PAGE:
When considering the low levels of liquidity and high trading costs in Nigeria and East Africa, it is not surprising that asset allocation is dominated by fixed income allocations in these regions, which predominantly constitute local bonds. When viewed alongside the high asset-growth in these regions, it reflects both regulation and a lack of alternative local investment opportunities. This highlights a key challenge pension funds face; identifying enough appropriate, local investment opportunities to invest ever-increasing contributions.
Local regulation remains one of the main drivers of asset allocation. There are often significant differences between the regulatory allowances for pension funds, size of local capital markets and actual portfolio allocations between regions. This is reflective of a number of factors including familiarity with alternative asset classes, such as private equity, development of local capital markets and availability of investment opportunities. In many countries, assets are growing much faster than products are being brought to market, limiting investment opportunities if regulation does not allow for pension funds to invest outside of their own countries.
One of the ways that the current shortage of investment opportunities can be addressed, is through investment into alternative assets classes like private equity.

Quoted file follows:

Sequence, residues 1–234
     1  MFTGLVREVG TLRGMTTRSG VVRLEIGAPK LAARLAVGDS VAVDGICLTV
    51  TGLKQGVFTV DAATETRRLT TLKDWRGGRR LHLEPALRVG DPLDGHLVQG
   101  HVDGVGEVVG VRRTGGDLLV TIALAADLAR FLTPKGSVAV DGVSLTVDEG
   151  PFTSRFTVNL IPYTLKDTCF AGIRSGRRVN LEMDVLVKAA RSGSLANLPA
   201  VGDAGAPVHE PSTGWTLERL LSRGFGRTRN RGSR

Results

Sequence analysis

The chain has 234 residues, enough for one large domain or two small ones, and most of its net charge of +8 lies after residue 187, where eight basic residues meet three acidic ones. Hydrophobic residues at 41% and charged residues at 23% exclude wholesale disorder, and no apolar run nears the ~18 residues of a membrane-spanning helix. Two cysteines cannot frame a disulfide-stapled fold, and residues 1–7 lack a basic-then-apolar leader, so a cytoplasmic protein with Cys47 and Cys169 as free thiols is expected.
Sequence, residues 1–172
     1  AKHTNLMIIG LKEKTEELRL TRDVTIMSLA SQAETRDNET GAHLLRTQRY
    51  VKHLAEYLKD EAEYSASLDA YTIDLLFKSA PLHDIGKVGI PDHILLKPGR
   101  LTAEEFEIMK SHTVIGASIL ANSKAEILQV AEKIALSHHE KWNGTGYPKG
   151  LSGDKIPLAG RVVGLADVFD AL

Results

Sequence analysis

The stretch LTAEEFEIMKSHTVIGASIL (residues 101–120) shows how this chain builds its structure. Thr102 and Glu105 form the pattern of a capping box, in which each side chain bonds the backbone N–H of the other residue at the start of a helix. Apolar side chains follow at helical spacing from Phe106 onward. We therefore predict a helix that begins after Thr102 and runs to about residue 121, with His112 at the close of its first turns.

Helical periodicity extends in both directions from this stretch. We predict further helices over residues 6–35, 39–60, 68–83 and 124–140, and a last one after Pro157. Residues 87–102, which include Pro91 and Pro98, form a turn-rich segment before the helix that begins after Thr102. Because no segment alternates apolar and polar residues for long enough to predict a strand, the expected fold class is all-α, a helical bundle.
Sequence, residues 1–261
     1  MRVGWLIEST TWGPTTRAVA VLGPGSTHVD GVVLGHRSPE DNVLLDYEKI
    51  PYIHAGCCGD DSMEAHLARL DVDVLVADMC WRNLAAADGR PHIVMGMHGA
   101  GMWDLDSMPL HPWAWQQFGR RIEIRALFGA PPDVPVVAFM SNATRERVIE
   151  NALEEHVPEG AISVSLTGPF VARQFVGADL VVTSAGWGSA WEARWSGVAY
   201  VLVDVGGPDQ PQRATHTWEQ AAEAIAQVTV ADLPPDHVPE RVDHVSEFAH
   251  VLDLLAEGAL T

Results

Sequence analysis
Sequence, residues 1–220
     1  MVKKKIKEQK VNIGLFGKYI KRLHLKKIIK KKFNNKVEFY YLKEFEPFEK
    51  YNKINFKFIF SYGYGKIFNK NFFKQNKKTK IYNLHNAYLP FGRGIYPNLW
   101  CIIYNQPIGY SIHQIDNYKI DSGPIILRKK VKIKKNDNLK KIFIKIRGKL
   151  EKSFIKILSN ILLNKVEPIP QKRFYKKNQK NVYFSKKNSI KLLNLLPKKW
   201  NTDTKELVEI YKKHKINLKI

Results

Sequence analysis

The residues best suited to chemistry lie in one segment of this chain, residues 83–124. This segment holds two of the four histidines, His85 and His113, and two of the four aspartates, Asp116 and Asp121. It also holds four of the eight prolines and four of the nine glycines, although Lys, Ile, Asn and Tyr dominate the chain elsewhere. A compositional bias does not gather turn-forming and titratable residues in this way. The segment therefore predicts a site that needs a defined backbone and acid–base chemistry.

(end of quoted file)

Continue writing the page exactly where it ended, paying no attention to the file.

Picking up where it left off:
Globally, alternative assets have been increasingly prominent in institutional investors’ portfolios, partly driven by the continued low interest rate policy around the world. The vast majority of institutions now commit to at least one alternative asset class, and the level of participation is particularly high across more established asset classes such as private equity, real estate and hedge funds. We are entering a period where alternatives are no longer ‘alternative’ in the eyes of many institutions, which bodes well for further industry expansion.
While investment in alternative assets in emerging markets has historically come from DFIs, pension funds are slowly joining in. Local institutional investors lend credibility and often serve as a catalyst for greater external interest. Local investors also allow global peers to leverage local knowledge and networks.
A number of countries including South Africa, Botswana, Nigeria and Namibia have led the way in investing in alternative asset classes such as private equity. South African pension funds, for example, have been active in African private equity investment, both locally and across the continent, enabled by regulatory change.
According to the SAVCA 2017 Private Equity Industry Survey (covering the 2016 calendar year), funds under management for the South African private equity industry grew from R158.8 billion in 2015 to R171.8 billion in 2016.
Pension and Endowment Funds were the main source, 40.2%, of all third-party funds raised during 2016, (2015: 35.3%). Governments, aid agencies and DFIs accounted for 20.6% in 2016 (2015: 19.6%) and insurance companies/institutions made up 19.6% of funds raised in 2016 (2015: 8.4%).